Have you ever wondered what other ways of cooking potatoes are out there?
Maybe you are bored of eating the same types of potatoes, or maybe you just want to add some new challenges to the way you cook! Do not worry. There are a lot of ways in which you can prepare the vegetables as a side for your dishes in ways that don’t even involve frying them.
After all, we all know about the two most popular ways to eat potatoes: mashed or fried. Yet, none of these are as healthy as they may appear, and nothing deep-fried is good for your health in general. Because we know that you are looking to try out healthier versions, we have not only gathered some alternative methods you could use to cook potatoes but also provided the instructions to do so!
What’s more, we will also tell you what type of spuds you should use to get the best results! In the end, just because you can cook any type of potato in any way you want, it does not mean you should do it!
Let us know your favorite potato dish in the comments down below!
Before we talk about recipes, let’s talk about cleaning them!
This is one of those steps that you will have to do before we even start talking about the alternative cooking methods we want to present to you here. And since it’s mandatory for all the recipes, it is better that we present it before we start going into the instructions. No matter what kind of spud you choose to use, if you plan to not peel them (you can eat the peel with no health issues attached), you have to thoroughly scrub and wash them.
This is because they grow in the dirt, and you have to make sure you’re not accidentally adding some ground to your side dish. Always use cold running water and, if there’s any stubborn grime, either rub at it with your finger or a clean brush. If you notice that your potatoes are green, you should most probably toss them; they aren’t ripe and you shouldn’t eat them. The green will also not leave no matter how much you scrub at it!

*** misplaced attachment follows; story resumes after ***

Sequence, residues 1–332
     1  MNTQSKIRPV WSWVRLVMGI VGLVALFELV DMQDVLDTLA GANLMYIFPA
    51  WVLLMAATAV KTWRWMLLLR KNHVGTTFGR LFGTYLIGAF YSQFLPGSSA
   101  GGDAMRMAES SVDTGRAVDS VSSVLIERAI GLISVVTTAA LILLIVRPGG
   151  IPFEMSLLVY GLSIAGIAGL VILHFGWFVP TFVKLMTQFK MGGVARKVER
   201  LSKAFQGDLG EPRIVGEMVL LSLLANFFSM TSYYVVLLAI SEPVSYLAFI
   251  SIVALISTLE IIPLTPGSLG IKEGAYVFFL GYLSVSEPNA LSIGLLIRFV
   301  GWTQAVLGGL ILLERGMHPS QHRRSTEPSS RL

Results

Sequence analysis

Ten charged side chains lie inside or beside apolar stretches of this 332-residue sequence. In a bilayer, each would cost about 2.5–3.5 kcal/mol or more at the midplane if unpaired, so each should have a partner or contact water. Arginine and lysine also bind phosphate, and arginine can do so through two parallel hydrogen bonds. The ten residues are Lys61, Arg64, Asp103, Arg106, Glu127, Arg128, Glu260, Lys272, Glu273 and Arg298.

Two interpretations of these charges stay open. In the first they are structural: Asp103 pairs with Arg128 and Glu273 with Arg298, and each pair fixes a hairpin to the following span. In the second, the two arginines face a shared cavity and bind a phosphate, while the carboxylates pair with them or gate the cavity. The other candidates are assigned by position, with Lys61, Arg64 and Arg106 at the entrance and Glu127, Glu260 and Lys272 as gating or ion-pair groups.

#1 Make use of the air fryer
If you haven’t joined the air fryer craze, now would be the best time to do so. The gadget functions as a convection oven that you can just keep on your countertop, and it can help you make any dish that you would generally fry in a ton of oil without such excess! This also makes cooking much easier and facile!
When it comes to potatoes, you can make those french fries easier and healthier with the use of this machine. The best variety of potatoes that you should get is the ones that aren’t starchy, like the Russet Potatoes or Idaho. Your best bet is the Yukon Golds, but you can also get away with red, fingerling, or new potatoes!
Also, keep in mind to follow the instructions on your air fryer before you cook anything new, so you can do so in a safe environment!
- 2 pounds Yukon Gold or red potatoes
- Cooking or Olive oil
- Salt, pepper, and your choice of aromatic herbs and spices
Before you do anything, you should make sure to preheat the air fryer to about 400°. After that, take your clean potatoes and cut them into half-inch strips before seasoning them with oil, salt, pepper, and any other aromatic herbs you want. You can even add some paprika if you want or garlic powder!
All that is left is to place them in the air-fryer basket (do not forget the parchment paper on the bottom for easy cleaning). You should cook them for about 15 to 17 minutes until they are tender and golden brown! Just remember to stir them every 5 minutes, so you get that gorgeous color all over the vegetables.